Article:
Around two thirds of all imported passenger cars are German brands. BMW, Mercedes-Benz, Volkswagen and Audi are the most important foreign brands in terms of numbers. All of them are in the upper price segment in Korea, as is the well-represented Porsche brand.

Suppliers from other industries also benefit. For example, there is hardly a Korean who does not know the Fissler and Zwilling brands. WMF is also well positioned. When it comes to furnishing apartments in the top price segment, Siemens and Miele are well established for white goods, as are Bulthaup for kitchens. Bosch and Siemens Hausgeräte has also been selling coffee machines in Korea since 2012.

In the food and luxury goods segment, German beer, which also enjoys a very good reputation, is establishing itself better and better on the Korean market, and the breadth of the range supplied from Germany is increasing in general. Due to Germany's excellent image in this area, there should also be good opportunities for German sausage products on the Korean market.

In the branded and luxury goods segment, a high price does not have to be a disadvantage. Suppliers of such products should not offer too cheap and cultivate the brand image. If the prices are too low, Korean consumers become suspicious and suspect that the quality is inferior. In the case of consumer goods, it is often better to enter the market at a price that is a little too high and to give discounts every now and then.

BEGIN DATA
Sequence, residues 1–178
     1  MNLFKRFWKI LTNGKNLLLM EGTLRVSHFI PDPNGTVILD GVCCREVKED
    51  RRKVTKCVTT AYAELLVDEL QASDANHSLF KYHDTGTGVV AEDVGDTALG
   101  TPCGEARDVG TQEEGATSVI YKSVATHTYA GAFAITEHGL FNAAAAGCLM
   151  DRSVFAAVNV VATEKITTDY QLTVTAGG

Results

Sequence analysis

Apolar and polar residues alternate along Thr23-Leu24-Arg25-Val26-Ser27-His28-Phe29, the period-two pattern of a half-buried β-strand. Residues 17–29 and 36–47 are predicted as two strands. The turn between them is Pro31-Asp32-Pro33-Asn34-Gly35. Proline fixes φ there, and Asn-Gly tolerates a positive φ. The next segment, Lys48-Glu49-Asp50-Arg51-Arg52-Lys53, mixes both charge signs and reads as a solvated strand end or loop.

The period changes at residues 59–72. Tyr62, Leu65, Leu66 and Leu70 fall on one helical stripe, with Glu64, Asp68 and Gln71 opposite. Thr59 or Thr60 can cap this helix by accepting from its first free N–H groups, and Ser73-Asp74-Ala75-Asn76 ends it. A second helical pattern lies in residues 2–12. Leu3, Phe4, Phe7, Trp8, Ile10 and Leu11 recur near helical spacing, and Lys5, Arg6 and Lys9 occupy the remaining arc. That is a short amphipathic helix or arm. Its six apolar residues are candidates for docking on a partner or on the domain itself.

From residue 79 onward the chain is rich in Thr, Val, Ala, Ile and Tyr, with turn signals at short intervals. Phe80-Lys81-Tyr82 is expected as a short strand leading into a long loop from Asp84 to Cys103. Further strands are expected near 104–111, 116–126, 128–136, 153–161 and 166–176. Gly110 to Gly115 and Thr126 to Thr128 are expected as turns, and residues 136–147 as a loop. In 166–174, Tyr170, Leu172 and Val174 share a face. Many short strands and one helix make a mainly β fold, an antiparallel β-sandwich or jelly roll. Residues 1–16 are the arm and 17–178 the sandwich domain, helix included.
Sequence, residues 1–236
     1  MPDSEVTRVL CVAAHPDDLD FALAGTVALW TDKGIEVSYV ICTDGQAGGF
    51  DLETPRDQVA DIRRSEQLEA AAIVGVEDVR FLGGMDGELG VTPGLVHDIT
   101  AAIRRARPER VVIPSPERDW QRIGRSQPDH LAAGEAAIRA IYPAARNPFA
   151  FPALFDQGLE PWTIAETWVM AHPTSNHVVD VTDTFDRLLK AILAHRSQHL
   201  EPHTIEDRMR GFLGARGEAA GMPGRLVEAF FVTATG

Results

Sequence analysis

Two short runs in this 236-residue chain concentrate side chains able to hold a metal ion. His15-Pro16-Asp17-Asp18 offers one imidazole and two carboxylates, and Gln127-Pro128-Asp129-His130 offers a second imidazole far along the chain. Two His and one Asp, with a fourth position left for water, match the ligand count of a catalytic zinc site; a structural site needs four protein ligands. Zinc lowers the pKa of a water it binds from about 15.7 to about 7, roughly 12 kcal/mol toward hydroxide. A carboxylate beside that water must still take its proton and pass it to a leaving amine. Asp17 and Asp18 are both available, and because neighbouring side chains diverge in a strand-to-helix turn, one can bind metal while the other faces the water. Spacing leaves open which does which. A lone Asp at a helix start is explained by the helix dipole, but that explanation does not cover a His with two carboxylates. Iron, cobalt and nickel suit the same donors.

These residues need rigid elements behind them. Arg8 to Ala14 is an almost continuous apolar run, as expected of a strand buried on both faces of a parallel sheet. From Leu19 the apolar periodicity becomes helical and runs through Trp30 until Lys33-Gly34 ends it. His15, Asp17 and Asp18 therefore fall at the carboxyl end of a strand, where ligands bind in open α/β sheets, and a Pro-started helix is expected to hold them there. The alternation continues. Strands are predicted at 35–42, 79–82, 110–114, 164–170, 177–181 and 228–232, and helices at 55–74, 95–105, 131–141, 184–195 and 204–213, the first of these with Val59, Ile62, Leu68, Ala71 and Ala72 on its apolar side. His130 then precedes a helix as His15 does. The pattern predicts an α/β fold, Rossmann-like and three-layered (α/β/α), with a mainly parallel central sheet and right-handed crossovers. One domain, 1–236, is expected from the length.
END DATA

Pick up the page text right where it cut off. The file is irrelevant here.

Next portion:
Short-term orientation dominates


Commercial and private customers tend to be short-term oriented. In the mentality, acting quickly and successfully is what counts. "Ppalli ppalli" (roughly "dalli dalli") is a popular word in South Korea. Things always have to happen quickly in Korea, so that customers feel satisfied. It is difficult to convince customers of the long-term benefits of a product in cost-benefit calculations. On the other hand, it is helpful to be able to deliver quickly if the customer suddenly wants to order.